The Information Commissioner has delivered his latest report to the Home Affairs Select Committee on “the state of surveillance” in the UK. The report traces privacy-related developments since the Commissioner’s 2006 report on the same theme, which memorably observed that the UK may be “sleepwalking into a surveillance society”. According to the November 2010 report, that warning
“… is no less cogent in 2010 than it was several years ago. It is not being suggested that the UK is a ‘police state’ or that there are surveillance conspiracies afoot against the public. Neither the 2006 report nor this one supports such an assumption, and evidence for it is lacking. Much of what is taken to be surveillance is done for benign reasons and has beneficial effects on individuals and society. But much surveillance also goes beyond the limits of what is tolerable in a society based on the rule of law and human rights, one of which is the right to privacy.”
The report provides an illuminating summary of trends in (amongst others) the use of CCTV, body scanning and border control (including ‘ethnic targeting’ for security searches), workplace monitoring, social networking, ‘crowdsourcing’, the monitoring of protest activities and even the use of unmanned drones. Scrutiny is also given to a number of governmental policy tools, such as databases and the use of ‘social sorting’ (eg into groups such as ‘high cost, high risk’ social groups who are vulnerable to social exclusion’) to develop targeted welfare strategies.
As regards private-sector online commerce, the Commissioner recommends a number of measures to correct what he describes as the “worrying trend particularly with those who provide on-line services not to have thought through the privacy implications of their activities and given users robust privacy settings as a default”.
What to do about the risks identified in the report? The ICO’s recommendations focus principally on overhauling the legislative process insofar as it affects privacy, by introducing:
- a requirement for a privacy impact assessment to be presented during the parliamentary process where legislative measures have a particular impact on privacy;
- an opportunity for the Information Commissioner to provide a reasoned opinion to Parliament on measures that engage concerns within his areas of competence, and
- a legal requirement to make sure all new laws that engage significant privacy concerns undergo post-legislative scrutiny to ensure they are being implemented and used as intended by Parliament.
If implemented, these measures would add substantially to the ICO’s clout as the guardian of privacy.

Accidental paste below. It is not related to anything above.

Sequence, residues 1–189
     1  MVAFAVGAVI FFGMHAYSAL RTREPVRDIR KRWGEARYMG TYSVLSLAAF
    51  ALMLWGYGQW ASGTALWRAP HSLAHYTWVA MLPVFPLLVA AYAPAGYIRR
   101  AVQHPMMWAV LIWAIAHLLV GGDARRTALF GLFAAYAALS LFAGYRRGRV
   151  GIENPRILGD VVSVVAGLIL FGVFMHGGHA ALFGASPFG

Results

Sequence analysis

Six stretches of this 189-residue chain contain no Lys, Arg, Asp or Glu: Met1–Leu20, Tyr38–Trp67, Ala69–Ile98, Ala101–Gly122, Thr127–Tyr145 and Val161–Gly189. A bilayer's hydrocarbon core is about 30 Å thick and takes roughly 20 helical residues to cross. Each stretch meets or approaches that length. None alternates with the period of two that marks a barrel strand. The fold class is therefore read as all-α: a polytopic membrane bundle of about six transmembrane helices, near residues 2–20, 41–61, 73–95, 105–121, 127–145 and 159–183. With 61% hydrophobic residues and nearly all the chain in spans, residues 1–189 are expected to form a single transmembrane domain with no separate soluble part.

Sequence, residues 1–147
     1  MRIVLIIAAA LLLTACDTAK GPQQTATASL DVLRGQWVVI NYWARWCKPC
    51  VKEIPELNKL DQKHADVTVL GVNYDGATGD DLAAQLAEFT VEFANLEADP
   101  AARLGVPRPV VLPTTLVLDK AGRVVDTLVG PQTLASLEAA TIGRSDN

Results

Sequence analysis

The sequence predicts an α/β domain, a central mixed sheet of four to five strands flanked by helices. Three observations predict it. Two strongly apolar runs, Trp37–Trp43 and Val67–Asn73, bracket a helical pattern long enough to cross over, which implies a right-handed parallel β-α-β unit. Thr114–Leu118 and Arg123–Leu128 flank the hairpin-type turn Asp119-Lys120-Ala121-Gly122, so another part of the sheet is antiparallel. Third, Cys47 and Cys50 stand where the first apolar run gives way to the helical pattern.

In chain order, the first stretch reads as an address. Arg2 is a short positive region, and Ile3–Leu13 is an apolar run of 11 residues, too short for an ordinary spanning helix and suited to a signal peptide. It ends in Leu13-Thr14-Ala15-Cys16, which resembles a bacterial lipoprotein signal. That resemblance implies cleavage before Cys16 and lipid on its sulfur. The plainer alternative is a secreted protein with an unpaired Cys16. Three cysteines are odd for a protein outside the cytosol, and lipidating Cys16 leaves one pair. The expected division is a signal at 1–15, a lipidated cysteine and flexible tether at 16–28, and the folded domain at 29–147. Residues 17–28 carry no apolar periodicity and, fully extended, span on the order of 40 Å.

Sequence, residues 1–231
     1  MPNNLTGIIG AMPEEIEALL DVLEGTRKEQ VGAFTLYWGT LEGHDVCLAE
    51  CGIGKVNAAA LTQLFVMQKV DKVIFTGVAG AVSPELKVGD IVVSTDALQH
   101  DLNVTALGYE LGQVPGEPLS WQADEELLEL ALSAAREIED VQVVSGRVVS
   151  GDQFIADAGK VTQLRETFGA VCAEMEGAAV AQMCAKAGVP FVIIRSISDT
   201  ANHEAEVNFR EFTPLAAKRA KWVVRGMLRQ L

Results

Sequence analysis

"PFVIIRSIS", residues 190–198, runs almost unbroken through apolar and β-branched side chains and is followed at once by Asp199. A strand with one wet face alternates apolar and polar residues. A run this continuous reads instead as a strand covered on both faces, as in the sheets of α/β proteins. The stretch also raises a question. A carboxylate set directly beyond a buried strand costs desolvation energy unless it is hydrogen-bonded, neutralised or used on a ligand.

The report can be found here, with the accompanying press release from the ICO here.
According to a report on the BBC website this morning, implementation of the Safeguarding Vulnerable Groups Act 2006 is to be put on hold. The Act introduces a requirement that a wide range of individuals working with children or vulnerable adults must register with the Independent Safeguarding Authority (ISA). Registration was set to begin on 26th July, and was intended eventually to cover some 9 million people. However, today the Government will announce that registration will be halted, pending a review of the 2006 Act, which is expected to lead to a scaling-back of the scheme.
The ISA will continue to be responsible for operating the two barring lists set up under the 2006 Act, which prohibit listed individuals from working with children and with vulnerable adults respectively. And the provisions for standard and enhanced CRB checks (under Part V of the Police Act 1997) will continue to operate as before.
One of our readers raised a question arising out of the previous post on employment blacklists.
According to this report on the BBC website, Steve Acheson (who was on the blacklist) was the subject of an unsuccessful attempt by his former employer to obtain an injunction to prevent him from protesting against his dismissal. Apparently the application was made under anti-terrorism legislation. Our reader asks if we can throw any light on the legal basis for the application.
Unfortunately the answer is no; it appears that there is no report of the case online in any of the usual places. The best I can find is this item from the website of Mr. Acheson’s solicitors.
We haven’t enabled the comments function on the blog. But you are very welcome to send any feedback to Lucy.Miller@11kbw.com. We are always delighted to see that people are reading and responding.
There’s an employment law supplement in the latest Legal Week, and I have an article about employment vetting.